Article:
For the first time, scholars had begun to insist that some parts of the Bible had to be regarded as historical accidents, the result of filtering divine truth through the flawed, culturally blinkered minds of mere human beings. If we can't take everything we read in the Bible literally, though, then how can we discern what God was really trying to communicate to us? Where Enlightenment theologians relied on deductive reasoning to figure this out, Transcendentalists preferred, like all Romantics, to trust in feeling. Our purest emotional responses -- provided they are properly cultivated, according to Emerson's recommendations -- tell us what we need to know. The Transcendentalists took the fact that most world religions can be boiled down to remarkably similar codes of moral law as further validation of this belief.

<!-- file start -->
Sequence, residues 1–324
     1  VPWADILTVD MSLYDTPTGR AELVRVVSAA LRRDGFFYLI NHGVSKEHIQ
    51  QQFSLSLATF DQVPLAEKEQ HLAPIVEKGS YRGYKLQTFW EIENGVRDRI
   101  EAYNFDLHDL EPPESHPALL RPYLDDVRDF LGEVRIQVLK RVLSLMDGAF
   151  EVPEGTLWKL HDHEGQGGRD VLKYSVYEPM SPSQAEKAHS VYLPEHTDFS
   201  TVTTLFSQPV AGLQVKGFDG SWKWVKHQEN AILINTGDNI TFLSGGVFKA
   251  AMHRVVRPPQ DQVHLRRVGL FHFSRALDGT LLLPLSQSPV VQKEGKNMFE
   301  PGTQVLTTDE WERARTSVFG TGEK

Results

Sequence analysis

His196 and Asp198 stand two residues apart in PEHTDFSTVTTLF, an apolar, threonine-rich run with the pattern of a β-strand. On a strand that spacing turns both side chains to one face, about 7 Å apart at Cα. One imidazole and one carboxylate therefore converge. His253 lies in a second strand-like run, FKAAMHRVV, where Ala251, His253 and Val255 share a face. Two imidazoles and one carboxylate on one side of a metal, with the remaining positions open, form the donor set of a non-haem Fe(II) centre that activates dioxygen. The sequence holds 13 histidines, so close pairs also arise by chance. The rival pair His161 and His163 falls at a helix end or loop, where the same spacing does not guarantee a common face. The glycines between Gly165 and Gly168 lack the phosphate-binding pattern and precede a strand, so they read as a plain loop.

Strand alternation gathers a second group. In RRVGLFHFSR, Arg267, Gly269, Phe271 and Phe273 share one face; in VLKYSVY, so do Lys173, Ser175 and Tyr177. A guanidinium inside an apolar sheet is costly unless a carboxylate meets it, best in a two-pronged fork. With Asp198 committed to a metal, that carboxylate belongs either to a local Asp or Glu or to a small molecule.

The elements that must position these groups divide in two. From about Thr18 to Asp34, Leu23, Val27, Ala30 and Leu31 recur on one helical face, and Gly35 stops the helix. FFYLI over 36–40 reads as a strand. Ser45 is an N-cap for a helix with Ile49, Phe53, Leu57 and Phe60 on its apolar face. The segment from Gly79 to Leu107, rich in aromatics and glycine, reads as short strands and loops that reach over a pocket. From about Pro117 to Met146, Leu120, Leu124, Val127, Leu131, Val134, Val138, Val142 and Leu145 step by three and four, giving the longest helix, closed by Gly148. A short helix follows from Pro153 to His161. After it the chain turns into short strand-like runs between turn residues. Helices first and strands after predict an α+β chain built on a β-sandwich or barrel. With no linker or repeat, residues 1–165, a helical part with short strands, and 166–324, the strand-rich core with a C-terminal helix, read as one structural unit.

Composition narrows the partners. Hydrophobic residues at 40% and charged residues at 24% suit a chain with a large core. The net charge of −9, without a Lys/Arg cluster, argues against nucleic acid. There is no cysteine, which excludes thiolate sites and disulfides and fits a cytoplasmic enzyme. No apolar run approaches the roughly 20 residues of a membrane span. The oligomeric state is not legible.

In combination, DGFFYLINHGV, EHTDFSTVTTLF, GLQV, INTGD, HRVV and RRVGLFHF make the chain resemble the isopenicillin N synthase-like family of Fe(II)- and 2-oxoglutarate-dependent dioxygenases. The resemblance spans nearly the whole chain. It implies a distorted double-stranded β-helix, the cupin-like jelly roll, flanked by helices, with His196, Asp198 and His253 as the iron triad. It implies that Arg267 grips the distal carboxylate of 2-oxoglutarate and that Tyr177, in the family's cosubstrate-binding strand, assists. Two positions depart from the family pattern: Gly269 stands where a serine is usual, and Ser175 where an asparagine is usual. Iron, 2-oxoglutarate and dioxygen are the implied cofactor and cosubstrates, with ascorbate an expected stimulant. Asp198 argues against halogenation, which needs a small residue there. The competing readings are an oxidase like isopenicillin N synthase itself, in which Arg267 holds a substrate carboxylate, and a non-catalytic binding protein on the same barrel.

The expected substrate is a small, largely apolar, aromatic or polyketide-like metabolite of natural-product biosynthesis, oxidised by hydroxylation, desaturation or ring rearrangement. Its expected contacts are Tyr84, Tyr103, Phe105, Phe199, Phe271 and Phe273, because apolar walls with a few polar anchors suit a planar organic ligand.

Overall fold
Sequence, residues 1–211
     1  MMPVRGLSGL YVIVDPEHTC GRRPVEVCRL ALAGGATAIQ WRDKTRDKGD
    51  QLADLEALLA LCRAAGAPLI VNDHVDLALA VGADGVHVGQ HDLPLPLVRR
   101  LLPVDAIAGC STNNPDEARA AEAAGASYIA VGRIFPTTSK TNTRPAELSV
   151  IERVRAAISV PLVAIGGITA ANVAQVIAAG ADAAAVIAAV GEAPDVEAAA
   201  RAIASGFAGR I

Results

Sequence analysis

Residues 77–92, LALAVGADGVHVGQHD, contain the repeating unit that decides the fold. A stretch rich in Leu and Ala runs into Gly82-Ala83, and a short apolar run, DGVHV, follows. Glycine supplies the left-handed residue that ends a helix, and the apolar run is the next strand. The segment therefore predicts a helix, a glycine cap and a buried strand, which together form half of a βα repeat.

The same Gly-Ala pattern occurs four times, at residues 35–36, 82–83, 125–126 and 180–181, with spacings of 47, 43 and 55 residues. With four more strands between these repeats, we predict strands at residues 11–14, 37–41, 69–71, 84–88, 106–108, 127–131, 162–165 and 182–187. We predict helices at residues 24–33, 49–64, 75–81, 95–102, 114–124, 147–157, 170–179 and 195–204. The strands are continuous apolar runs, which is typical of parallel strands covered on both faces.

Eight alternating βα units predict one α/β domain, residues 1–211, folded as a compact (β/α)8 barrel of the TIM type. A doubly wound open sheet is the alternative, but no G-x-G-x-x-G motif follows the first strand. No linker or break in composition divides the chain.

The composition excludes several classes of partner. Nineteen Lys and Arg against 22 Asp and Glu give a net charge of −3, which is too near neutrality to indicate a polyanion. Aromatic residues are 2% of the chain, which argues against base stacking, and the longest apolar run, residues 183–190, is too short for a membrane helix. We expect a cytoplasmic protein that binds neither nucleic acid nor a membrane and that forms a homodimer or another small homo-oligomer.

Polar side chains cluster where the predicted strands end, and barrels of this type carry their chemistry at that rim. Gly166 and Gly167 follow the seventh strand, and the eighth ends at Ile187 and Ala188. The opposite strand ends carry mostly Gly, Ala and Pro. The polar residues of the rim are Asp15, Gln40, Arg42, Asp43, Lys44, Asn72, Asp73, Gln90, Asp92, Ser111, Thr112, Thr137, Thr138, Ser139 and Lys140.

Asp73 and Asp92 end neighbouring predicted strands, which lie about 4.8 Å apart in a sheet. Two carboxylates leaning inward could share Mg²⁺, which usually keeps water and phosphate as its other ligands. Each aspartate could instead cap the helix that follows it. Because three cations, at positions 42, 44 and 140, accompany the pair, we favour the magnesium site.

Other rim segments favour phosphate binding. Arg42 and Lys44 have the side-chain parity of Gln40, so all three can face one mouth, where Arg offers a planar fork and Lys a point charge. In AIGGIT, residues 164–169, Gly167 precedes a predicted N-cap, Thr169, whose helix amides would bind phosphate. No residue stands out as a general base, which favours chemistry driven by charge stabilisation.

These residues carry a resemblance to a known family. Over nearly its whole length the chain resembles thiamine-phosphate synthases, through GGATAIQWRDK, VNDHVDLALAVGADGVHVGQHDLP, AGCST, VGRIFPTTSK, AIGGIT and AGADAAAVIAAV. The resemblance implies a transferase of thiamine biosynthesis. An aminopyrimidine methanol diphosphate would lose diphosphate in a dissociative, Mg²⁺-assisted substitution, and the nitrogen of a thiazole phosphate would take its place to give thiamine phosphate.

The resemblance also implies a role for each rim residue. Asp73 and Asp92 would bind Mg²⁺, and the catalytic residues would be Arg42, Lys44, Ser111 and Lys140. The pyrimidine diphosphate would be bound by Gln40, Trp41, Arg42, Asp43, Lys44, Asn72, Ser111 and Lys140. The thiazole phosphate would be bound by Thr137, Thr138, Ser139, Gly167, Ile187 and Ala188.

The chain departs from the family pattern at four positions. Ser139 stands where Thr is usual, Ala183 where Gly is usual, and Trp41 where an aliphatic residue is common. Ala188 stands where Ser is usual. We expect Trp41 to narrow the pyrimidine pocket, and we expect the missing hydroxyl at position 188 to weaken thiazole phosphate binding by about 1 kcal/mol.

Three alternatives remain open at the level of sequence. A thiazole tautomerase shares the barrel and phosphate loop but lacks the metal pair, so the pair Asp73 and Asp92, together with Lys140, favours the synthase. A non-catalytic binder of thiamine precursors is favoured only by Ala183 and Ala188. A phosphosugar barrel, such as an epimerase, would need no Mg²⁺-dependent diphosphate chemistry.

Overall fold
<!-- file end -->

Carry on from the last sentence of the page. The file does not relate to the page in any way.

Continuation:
But where Emerson advocated a life of withdrawal and contemplation, the better to tune one's ears to the still, small voice within, other Transcendentalists (and fellow travelers) heard that voice telling them to make the world a better place. What both sides of this divide objected to was pretty similar -- the materialistic, status-conscious ruthlessness of life under the reign of industrial capitalism. The American promise of a better, fairer society had devolved, in the words of Transcendentalist minister and publisher George Ripley, into "the inordinate pursuit, the extravagant worship of wealth," rife with "temptations to an excess of selfishness." Transcendentalism offered the spiritual equivalent of political democracy, with each person empowered to find his or her own direct connection to the divine. But in order for everyone to avail themselves of this freedom, the more activist Transcendentalists felt, the inequities of 19th-century society had to be fixed.